Again, I was floored by the fact that both of these strong, pro-feminism women just sat there and allowed strangers to sexually harass them. I wonder if, in light of the research done by Fairchild and Rudman, these experiences contributed to either of these women feeling self-objectified.

After I heard the stories, I imagined how I would have reacted if I were in those situations. My impulsive response was that I would be very confrontational and make it clear that their behavior was not acceptable. But would I? I thought back on the times that I've been sexually harassed by a stranger, which thankfully has mostly been verbal harassment. I ignore it and I try to avoid the harasser. I apply a theory that I learned while studying Psychology in undergrad which is used when children engage in attention-seeking behavior: extinction conditioning. I ignore the harassing behavior so that the person doing it learns that he doesn't get a response when he harasses; if ignoring the behavior happens all or most of the time, eventually he will learn that harassing doesn't result in getting attention or getting girls. I realize that in this situation, as the research suggests, ignoring the harassing actually has the opposite effect.

In doing research for this blog, I came across some articles that reveal how countries have actually attempted to address the issue of stranger harassment. In India, women were getting groped and yelled at so frequently that the country created the "Ladies Special" - an all-female commuter train. Mexico City introduced women-only buses that are marked with pink placards. Japan has also experimented with female train cars.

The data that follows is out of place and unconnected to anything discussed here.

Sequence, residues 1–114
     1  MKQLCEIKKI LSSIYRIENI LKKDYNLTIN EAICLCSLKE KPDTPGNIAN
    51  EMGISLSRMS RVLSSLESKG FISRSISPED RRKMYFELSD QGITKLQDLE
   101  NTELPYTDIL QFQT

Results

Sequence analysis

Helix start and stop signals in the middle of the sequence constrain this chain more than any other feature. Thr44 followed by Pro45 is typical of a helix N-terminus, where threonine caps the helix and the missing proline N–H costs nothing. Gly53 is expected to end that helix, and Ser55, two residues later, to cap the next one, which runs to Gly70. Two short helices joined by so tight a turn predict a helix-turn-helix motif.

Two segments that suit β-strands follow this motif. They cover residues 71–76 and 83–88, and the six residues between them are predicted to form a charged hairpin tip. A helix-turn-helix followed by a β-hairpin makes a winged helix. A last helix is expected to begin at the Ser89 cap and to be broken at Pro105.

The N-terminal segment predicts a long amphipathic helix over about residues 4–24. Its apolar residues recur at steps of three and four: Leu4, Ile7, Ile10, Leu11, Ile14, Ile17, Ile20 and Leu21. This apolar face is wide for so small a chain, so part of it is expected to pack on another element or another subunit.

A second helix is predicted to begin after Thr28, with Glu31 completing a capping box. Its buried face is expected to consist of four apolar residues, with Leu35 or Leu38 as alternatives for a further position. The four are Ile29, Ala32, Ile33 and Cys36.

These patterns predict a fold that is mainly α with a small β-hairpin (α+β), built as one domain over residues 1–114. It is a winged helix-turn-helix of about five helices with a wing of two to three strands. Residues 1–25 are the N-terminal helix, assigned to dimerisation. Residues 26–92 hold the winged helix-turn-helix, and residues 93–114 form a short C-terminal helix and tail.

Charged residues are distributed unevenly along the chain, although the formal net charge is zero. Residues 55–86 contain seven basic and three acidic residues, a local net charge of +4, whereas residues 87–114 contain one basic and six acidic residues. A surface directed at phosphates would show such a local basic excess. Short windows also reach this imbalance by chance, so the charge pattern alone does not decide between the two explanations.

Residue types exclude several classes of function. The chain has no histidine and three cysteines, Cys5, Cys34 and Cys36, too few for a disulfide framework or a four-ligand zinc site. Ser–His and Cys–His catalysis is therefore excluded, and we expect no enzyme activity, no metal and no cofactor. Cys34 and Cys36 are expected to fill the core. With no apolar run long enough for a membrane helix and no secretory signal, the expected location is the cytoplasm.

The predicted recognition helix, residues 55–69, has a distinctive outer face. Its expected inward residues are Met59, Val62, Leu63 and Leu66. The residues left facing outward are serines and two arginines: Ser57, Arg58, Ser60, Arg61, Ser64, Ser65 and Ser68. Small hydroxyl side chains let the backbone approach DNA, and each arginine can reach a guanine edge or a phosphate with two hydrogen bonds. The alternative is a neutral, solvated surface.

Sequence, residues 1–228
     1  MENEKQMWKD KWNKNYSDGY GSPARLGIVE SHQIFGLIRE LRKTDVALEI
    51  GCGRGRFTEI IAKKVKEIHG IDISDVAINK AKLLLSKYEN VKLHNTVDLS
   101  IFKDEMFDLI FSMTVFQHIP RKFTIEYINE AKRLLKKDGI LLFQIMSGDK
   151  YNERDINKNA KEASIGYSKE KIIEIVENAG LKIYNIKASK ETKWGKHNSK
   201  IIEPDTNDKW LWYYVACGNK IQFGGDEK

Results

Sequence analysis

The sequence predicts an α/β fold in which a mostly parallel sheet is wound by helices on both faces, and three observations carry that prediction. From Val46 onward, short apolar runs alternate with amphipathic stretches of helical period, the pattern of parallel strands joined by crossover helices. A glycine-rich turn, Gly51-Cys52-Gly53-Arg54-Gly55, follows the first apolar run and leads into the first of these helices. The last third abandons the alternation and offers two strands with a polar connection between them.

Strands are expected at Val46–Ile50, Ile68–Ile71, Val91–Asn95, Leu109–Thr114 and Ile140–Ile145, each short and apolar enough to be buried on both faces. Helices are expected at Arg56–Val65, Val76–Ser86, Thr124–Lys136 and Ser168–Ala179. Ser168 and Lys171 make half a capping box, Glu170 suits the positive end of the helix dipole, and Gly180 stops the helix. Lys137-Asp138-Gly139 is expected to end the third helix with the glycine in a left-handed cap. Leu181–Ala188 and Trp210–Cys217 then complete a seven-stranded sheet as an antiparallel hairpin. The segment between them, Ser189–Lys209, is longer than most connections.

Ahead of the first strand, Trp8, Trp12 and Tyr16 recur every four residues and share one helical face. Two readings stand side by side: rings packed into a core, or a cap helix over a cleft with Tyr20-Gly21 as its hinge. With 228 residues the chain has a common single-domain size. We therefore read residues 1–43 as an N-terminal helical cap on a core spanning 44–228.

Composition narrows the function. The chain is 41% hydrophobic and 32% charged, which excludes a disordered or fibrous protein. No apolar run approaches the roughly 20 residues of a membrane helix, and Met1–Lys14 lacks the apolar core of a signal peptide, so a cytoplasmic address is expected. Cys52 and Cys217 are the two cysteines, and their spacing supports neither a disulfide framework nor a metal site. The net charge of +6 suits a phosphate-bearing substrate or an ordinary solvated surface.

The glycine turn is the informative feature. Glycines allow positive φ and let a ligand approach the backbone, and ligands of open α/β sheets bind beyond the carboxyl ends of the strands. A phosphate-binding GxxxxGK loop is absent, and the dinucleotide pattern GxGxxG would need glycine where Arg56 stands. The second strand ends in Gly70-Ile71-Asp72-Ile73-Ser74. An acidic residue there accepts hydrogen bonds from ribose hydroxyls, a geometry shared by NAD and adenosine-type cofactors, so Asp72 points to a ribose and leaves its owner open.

But these are only surface-level fixes to a pervasive problem. Some have argued that it's sex discrimination itself - segregating men and women because men can't control themselves. In part 1 of this blog, I discussed how the research shows that there has been little attention paid to the problem of stranger harassment. In these countries, it seems as if attention is being paid to it, but not the right kind of attention. If the people who implemented these segregated transportation systems really want to fix the problem of stranger harassment, they're going to have to go deeper than pink buses and trains. They must address it at the legislative and judicial levels. Keeping men and women apart during transportation will only stall the harassment; holding men accountable and providing recourse for women who get harassed will curb it.